Friday, April 29, 2011
Continuing our celebration of Duke Ellington. The song that defines the "Jazz Age" for me is "Take the A-Train" composed by Billy Strayhorn for Duke Ellington in 1938. The "A" Train is a reference to the subway line that runs from Brooklyn to Harlem upon the express tracks through Manhattan, in New York City. The inspiration for the song comes from Ellington giving Strayhorn directions to get to his house.
I confess to being one of those obnoxious tourists who took a ride on the "A" Train merely because of this composition. But that's just payback for all those tourists that make driving along Hollywood Blvd or Sunset such a trial. ;-)
Anyways, within the Jazz tradition reinterpretation of the standards is a vital form of aesthetic progression. Successive generations of performers apply their new styles in a reassessment of the classics. This is sharp contrast to the Classical music tradition. For instance, one doesn't reinterpret a Bach piece in the style of Stravinsky or restructure Mozart as a minimalist piece from Glass. I think this is one of the principle charms of jazz music.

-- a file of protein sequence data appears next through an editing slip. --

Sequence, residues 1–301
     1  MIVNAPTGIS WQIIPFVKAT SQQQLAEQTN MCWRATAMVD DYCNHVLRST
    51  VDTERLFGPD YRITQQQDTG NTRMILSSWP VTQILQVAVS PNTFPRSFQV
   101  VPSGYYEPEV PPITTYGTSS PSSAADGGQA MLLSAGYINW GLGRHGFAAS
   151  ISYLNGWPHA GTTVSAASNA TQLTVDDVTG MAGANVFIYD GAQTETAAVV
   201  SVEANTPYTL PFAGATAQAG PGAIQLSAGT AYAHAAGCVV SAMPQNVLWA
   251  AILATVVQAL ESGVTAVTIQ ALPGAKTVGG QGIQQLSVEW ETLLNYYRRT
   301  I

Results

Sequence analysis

While Classical composers like Beethoven, Schubert, and Chopin are preserve and revered in a manner similar to museum pieces, the Jazz masters like Ellington, Armstrong, and Gillespie are still providing grist to the mill of Jazz creativity. Yes, that's a generalization with definite exceptions, but as a broad analysis I believe it holds true.
Anyways, let's look at this tradition. Here's Duke:
Here's a post-Swing interpretation featuring Anita O'Day:
Now, we go West Coast "cool" with Dave Brubeck:
Finally, Charles Mingus give it the late Hard Bop treatment:
In each interpretation, what were the primary emotive techniques? Positing the Ellington performance as the model for comparison, what are the new qualities that the subsequent interpretations bring? These are the types of questions that make the Jazz tradition so intellectually stimulating. And it was Ellington's special talents that established the standards by which we may judge other performances.
Anyways, here the Wikipedia page for Take the "A" Train.
Here are the Wikipedia pages for Anita O'Day, Dave Brubeck, and Charles Mingus.